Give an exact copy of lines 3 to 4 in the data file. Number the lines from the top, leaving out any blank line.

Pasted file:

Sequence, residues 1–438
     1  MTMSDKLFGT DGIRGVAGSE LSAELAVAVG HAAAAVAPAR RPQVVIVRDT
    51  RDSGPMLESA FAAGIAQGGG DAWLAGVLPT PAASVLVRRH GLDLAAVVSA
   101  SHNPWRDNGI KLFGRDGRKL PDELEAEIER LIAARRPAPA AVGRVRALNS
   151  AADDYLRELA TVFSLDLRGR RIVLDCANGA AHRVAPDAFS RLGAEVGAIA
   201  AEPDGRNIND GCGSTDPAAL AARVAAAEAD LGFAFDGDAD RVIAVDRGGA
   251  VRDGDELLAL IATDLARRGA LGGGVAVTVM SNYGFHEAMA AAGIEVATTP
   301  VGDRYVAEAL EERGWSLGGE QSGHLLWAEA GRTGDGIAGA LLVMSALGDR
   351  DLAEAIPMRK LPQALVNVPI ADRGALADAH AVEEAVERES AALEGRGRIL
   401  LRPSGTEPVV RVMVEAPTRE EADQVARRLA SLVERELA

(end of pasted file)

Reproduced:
    51  RDSGPMLESA FAAGIAQGGG DAWLAGVLPT PAASVLVRRH GLDLAAVVSA
   101  SHNPWRDNGI KLFGRDGRKL PDELEAEIER LIAARRPAPA AVGRVRALNS